I dread the hospitals on my planet! At least those I’m entitled to go to. I told a doctor friend who works in a clinic in my neighborhood, a recent graduate who is still rotating between different health centers to acquire practice.

She not only told me I was right, but told me the great state of unhealthiness she found in most of the centers where she rotated. The doctors, she tells me, denounce these situations, but their complaints fall into the void. According to what else she said, the Gonzalez Coro Maternity Hospital, formerly the Sacred Heart Clinic, is in a deplorable state with regard to hygiene.

She adds that they often accumulate bloody gauze, and debris of all kinds used in healing, at the end of a dark corridor, overflowing, with no one taking them out and burning them, as is required.

That’s a great deal of bacteria, Staphylococcus, and all kinds of germs, which are filtered into the rooms of the sick, so close to this deposit, where hygiene is not optimal. Likewise, the holes for the electrical outlets are eaten away, leaving room for small cockroaches, already so typical of our hospitals. In the same bad condition are the door frames, detached in part from the masonry which they should seal.

The same is true in the clinic where she’s now rotating, they don’t collect the waste with sufficient regularity: disposable gloves, syringes and other items used with the patients, and far from the incinerators which have been established in order to avoid contamination, they throw them in the trash container right at the entrance of the emergency room.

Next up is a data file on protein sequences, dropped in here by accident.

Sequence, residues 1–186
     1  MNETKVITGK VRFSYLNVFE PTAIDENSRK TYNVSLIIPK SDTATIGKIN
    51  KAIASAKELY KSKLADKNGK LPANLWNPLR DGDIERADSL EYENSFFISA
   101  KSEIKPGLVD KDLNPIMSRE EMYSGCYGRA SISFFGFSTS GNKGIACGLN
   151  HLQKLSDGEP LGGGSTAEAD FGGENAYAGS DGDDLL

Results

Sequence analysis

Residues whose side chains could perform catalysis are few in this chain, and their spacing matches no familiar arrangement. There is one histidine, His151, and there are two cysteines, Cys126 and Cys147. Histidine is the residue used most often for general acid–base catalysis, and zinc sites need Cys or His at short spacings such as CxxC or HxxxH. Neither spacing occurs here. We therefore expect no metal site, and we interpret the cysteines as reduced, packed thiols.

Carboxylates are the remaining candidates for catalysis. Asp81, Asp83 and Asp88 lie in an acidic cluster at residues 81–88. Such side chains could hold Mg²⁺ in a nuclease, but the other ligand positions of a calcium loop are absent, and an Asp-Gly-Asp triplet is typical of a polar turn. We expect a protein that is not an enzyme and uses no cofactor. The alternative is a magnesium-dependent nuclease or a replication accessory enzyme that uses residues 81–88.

I told her of my shock and dismay when I took my sister to the Angiology Institute, which is nothing more than an old pavilion of the once famous Covadonga clinic, which is what everyone keeps calling it, even though that is no longer its name.

There, while waiting for them to heal some leg ulcers on a patient, I watched with horror as a nurse applied the medicine with her right hand, while holding a piece of pizza in her left, which she ate with impunity in front of the patient. That is just one of the facilities, that like so many of its kind, were once the pride of our country. From this, you understand, was born my nosocomofobia.

November 26 2011

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